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Well-Known Member
Apr 8, 2004
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Ok I know there are about a million ways to seal your balsa, basswood etc. But what do you guys use to seal your stuff?

this is sealing before painting im refering to.

I know Ca works...but does it repel the paint? I would think that the paint would need to be able to either adhere or absorb into the paint in some way.

Also what kinds of primers and paints do you use?
Where do you get your stuff from?

I know lots of questions but someone has gotta ask :D
For balsa fins, I laminate with paper and seal the remaining exposed edges with CA. It doesn't repel paint.

For larger areas like nose cones), I've had good luck with lightweight spackling compound thinned a bit with water. Ultra easy to sand. Lot's of guys say Elmer's Fill 'n Finish is best, but none of my local hardware stores carries it.

I never use any solvent based sealers anymore. Too stinky, too long to dry, etc...

For a final smoothing, I use a sandable primer.
filling balsa ... I still use the stinky olde-tyme "model airplane dope" fillers because I can't get Fill-n-Finish around here, I have had poor results with white glue (straight and thinned), and yellow glue, and CA glue. lightweight spackle didn't work so well either - either gummy or crumbly, didn't stick. besides, the smell of the solvents takes me back to when I was a kid and built stuff with my dad...
I've had great luck with Elmer's Fill and Finish - I get mine at Fred Meyer, but I've seen it at Target and Wal-Mart also. As far as I can tell, it's essentially wood spackle. The key is to thin it with a few drops of water so you can paint it on with a brush. Then, it sands really easily and shapes pretty well (although it is a little brittle) and paint sticks great.

Recently I've been using Plasti-Kote primer and Krylon paints. Seems like color selection is a little limited with the Krylon, but it is a lot cheaper and easier to apply than Testors or other "hobby shop" paints.

When I have die cut fins in a sheet. I use the Fill N Finish (aka carpenters finishing wood filler) before I remove the fins from the sheet.

I spread it on the whole sheet (both sides) with a bondo spatula and then sand smooth and flat before removing the fins from the sheet. I think it saves time and is easier. then you just need to address leading and trailing edges.

Well, now that we are on the subject...

I note that many of you use Fill N' Finish thinned with water to seal your fins, but what is the magic formula? Some say a "few drops", other stuff I read says "2/3 Fill N'Finish to 1/3 water." I know the goal is to get it to the point where it can be brushed on, but my experiments are always too thick or way too runny.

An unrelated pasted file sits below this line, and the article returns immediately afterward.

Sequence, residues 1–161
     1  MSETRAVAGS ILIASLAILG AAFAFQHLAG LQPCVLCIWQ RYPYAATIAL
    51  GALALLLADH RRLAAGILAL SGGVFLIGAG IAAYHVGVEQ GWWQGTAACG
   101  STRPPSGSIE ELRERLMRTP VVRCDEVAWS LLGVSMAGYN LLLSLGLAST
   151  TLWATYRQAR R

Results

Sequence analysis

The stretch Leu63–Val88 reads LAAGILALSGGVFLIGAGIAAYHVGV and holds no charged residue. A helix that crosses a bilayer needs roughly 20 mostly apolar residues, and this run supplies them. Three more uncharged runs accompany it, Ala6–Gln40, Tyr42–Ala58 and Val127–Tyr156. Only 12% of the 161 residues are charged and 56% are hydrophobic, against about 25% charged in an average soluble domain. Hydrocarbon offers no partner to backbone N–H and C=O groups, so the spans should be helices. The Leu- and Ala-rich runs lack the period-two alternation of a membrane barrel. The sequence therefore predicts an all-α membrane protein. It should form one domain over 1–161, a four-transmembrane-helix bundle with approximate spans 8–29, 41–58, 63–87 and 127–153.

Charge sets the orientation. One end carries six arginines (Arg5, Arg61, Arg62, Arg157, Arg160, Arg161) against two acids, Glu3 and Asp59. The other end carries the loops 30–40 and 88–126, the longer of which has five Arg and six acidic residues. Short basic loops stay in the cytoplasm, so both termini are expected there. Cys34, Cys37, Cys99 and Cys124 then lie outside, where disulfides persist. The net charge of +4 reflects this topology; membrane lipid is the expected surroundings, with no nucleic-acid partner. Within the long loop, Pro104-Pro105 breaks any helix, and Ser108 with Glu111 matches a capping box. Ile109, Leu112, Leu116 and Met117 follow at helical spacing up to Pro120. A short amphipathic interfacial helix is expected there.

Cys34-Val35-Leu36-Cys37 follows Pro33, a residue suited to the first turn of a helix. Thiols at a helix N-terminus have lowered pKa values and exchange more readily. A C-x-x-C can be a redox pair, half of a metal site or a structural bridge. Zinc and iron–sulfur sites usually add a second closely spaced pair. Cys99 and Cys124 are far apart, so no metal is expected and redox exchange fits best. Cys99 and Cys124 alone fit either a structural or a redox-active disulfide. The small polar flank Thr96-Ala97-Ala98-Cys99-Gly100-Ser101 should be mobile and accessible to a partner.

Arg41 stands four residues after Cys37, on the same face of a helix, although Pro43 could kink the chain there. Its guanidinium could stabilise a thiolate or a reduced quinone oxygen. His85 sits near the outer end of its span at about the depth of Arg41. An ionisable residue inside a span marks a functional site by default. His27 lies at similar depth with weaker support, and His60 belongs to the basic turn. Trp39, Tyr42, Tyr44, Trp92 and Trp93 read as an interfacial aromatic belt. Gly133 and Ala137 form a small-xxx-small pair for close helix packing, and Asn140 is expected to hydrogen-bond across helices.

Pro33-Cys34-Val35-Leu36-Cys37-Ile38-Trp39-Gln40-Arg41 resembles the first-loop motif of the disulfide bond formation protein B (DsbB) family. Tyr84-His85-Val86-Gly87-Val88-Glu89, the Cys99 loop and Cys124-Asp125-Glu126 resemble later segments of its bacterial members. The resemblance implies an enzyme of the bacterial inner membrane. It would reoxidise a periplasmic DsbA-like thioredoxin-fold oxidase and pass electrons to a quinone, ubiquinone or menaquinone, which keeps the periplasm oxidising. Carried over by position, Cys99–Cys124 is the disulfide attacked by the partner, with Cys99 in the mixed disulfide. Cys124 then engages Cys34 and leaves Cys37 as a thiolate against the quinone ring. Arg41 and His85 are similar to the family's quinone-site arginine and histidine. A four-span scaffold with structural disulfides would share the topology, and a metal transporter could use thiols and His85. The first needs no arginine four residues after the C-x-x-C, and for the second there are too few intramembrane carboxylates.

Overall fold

So dudes, share the magic, please. I'm tired of sanding sealer fumes, even though I wear a mask and use the stuff outdoors. Also the Aero Gloss sealer is getting expensive, and I would rather spend this money on fun stuff, like kits and parts and engines and, well, you get the idea...

Just Finished: Quest Big Betty
Needing Finishing: Semroc Astro 1, Fliskits Rhino
On the Bench: Semroc Swift
Originally posted by cls

filling balsa ... I still use the stinky olde-tyme "model airplane dope" fillers because I can't get Fill-n-Finish around here

I was using a dope filler too until I found Minwax Polycrilic. It's a water based product, doesn't stink, and you can clean up your brushes with soap and water.

It requires several coats, much like the dope, but I got a small can and added a couple tablespoons of taclum powder to it and it fills a little better.

The surface of the balsa seems harder to me and in an article in Model Airplane News they claimed it was just as hard as balsa soaked in CA.

The best description I have heard for the Fill N Finish is to get it like thick pancake batter.

What I do is make a pool in the center of the tub and dribble water drops in there and mix some around until it's the consistancy I want. Then dip it up on the finger and spread it around. If I'm filling a whole sheet I can leave it a little thicker and spread it into the balsa with a bondo spatula.

Hope that Helps

I don't measure it so I don't know if this will be very helpful, but my guess in a 1/3:2/3 ratio would be WAY too wet.

I take a scoop of the Fill-n-Finish (size depends on how much filling I have to do), take it to the sink and turn the water on so it is just dripping andget it wet. Mix well, make wetter if necessary. Be aware that it does get sloppy VERY fast so add the water in tiny bits at a time and mix mix mix.